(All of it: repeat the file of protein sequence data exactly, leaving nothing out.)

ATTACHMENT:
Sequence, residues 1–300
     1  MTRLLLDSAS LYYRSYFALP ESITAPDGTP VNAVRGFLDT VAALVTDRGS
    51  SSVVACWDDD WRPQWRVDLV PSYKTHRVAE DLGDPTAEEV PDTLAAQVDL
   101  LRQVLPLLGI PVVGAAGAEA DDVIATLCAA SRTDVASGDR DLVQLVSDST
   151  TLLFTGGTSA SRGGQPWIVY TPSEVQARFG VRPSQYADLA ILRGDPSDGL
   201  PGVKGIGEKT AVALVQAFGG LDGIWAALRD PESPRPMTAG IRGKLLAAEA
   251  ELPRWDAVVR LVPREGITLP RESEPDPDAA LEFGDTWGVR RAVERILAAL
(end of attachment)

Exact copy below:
Sequence, residues 1–300
     1  MTRLLLDSAS LYYRSYFALP ESITAPDGTP VNAVRGFLDT VAALVTDRGS
    51  SSVVACWDDD WRPQWRVDLV PSYKTHRVAE DLGDPTAEEV PDTLAAQVDL
   101  LRQVLPLLGI PVVGAAGAEA DDVIATLCAA SRTDVASGDR DLVQLVSDST
   151  TLLFTGGTSA SRGGQPWIVY TPSEVQARFG VRPSQYADLA ILRGDPSDGL
   201  PGVKGIGEKT AVALVQAFGG LDGIWAALRD PESPRPMTAG IRGKLLAAEA
   251  ELPRWDAVVR LVPREGITLP RESEPDPDAA LEFGDTWGVR RAVERILAAL